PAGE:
The conversion module (9) converts the sequence of image signals by means of a halftone technique into a sequence of corresponding printing signals. Each printing signal indicates for each pixel of the corresponding digital separation image whether or not an image dot of marking particles of the corresponding process colour is to be formed. This indication may be made using a single bit or multi-bit value dependent on the halftoning capabilities of the printing unit (2). If the printing unit (2) is capable of multi-level halftoning, a multi-bit value may be used, where the number of bits relates to the number of grey levels which can be reproduced per pixel by the printing unit (2). Usually the printing unit (2) may be only capable of binary halftoning or in other words a single bit value, i.e. “0” or “1”, which indicates whether or not an image dot is to be formed. In principle, the image signal associated with the digital separation image of the selected process colour which is rendered firstly by the printing unit (2) may be converted into the first printing signal of the sequence of printing signals by any halftone technique.

Examples of halftoning techniques are matrix-dithering, random halftoning, and error-diffusion or any combination thereof. Matrix dithering produces a raster of pixels arranged in a regular matrix structure of several different threshold values. Random halftoning produces a raster where the pixels are randomly arranged. In error diffusion, the image density value of a pixel is compared with a threshold value. The difference between these two values is distributed over the neighbouring pixels.

The sequence of printing signals corresponds to the sequence wherein the respective selected process colours are formed by the printing unit (2). The second and any following printing signals are obtained by converting the image signals of the corresponding process colours using a matrix dither technique according to the present invention. The matrix dither technique according to the present invention is such that the printing signal is built up from a raster of a two-dimensional matrix structure including threshold values being arranged in a predetermined order by comparing the input density value of each pixel of the process colour with the corresponding threshold value. Here, the predetermined order is made such that with gradually increasing input density value a linear growth pattern is generated parallel to the propagation direction of the image-carrying member by alternately adding image dots to both sides. An example of such a matrix structure is depicted in FIG. 2 a.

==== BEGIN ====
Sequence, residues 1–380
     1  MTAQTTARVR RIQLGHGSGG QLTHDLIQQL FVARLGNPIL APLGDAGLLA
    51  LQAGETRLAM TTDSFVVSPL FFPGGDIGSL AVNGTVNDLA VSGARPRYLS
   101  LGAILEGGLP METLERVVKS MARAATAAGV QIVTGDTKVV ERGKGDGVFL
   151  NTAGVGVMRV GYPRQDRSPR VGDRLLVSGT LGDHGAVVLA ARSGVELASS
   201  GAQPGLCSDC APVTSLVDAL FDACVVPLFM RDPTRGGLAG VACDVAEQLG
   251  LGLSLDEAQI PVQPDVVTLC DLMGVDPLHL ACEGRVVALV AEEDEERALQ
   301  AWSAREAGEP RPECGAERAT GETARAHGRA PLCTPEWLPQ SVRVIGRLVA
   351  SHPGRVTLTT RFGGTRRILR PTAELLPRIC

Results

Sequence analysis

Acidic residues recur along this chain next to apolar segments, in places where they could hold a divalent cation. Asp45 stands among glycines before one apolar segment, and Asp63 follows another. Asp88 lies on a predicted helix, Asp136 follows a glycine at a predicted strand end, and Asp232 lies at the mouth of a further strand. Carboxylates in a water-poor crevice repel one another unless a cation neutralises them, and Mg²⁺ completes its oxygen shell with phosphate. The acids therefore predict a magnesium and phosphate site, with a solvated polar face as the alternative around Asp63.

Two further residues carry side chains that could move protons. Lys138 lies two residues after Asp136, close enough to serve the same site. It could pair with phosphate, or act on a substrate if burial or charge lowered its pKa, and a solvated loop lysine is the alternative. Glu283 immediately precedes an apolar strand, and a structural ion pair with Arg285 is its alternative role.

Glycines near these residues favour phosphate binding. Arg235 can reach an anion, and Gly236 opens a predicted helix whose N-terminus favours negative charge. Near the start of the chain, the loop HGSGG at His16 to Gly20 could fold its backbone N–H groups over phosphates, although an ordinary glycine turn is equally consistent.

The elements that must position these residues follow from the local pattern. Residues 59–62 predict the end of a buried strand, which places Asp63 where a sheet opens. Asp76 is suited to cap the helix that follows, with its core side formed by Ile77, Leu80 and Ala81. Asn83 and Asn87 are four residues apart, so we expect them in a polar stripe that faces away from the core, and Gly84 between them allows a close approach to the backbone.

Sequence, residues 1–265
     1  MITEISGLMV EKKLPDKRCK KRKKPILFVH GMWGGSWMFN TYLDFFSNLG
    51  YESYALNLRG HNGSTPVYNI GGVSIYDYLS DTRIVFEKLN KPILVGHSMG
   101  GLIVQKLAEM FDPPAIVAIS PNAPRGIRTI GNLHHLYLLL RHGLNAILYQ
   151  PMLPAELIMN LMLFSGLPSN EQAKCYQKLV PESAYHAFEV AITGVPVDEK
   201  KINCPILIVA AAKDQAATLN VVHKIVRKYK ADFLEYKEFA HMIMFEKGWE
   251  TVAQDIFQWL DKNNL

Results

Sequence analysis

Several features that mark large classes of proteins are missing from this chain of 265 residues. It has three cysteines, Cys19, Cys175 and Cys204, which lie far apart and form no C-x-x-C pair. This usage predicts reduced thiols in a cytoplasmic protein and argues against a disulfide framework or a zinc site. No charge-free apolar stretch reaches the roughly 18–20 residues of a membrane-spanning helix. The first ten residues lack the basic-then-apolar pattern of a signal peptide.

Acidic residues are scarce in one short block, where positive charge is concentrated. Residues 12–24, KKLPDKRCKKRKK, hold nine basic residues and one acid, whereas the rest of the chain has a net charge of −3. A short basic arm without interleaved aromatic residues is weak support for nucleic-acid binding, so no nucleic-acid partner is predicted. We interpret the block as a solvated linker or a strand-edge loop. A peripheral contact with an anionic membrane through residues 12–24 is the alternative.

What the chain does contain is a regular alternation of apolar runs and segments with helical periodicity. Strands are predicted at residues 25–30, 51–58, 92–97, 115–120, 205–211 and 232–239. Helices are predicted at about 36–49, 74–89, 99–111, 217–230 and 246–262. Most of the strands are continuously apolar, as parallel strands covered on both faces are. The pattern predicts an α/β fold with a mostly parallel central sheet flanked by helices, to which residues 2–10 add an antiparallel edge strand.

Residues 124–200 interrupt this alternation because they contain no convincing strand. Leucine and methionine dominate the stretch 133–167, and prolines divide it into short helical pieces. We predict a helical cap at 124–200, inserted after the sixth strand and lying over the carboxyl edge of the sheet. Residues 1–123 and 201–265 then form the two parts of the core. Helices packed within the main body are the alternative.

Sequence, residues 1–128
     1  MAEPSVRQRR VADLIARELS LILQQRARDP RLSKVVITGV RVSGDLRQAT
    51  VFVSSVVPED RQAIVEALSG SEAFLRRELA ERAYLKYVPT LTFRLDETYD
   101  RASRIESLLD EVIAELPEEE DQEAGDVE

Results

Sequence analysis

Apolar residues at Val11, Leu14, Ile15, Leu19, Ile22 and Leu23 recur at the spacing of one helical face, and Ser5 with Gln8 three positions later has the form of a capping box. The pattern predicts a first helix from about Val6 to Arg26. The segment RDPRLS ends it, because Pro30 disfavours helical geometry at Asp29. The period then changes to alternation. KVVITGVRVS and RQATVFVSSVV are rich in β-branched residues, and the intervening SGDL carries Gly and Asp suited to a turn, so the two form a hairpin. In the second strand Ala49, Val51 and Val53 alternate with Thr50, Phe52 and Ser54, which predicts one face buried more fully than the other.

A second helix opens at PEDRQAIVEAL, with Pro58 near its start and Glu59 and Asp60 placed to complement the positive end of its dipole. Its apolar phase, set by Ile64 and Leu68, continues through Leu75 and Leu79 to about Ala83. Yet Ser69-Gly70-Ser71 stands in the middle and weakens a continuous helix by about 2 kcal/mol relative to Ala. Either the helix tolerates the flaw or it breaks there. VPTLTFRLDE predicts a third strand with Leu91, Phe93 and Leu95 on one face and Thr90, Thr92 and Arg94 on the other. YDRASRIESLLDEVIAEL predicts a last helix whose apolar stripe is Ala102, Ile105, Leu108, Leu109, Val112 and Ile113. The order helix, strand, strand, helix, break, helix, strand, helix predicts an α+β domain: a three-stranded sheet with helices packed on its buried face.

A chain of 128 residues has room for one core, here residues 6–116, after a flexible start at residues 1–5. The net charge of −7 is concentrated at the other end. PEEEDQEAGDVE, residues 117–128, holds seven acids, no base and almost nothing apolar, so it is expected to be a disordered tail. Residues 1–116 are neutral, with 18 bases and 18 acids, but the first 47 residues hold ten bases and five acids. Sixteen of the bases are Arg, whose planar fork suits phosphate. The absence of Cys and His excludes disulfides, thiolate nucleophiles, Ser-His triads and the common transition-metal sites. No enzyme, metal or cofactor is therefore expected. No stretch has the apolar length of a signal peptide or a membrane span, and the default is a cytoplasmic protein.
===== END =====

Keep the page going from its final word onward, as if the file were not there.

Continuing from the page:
The printing unit (2) comprises an image-carrying member (10) which can be moved cyclically. The image-carrying member (10) is an endless member, e.g. a drum or belt, and may have a layered structure. Any number of process colours (6) can be available on the printing unit (2). Responsive to a sequence of printing signals, the printing unit (2) sequentially forms the respective separation images of marking particles of the corresponding process colour on the image-carrying member (10). The printing unit (2) is configured such that the respective separation images of marking particles are formed complementary. This means that marking particles of a process colour are accumulated on the free surface of the image-carrying member (10) and substantially not on coloured marking particles already accumulated oh the image-carrying member (10). “Substantially not” means that any superimposed marking particles of different process colours may not lead to visual deficiencies, i.e. visual with the naked human eye, in the finally printed image.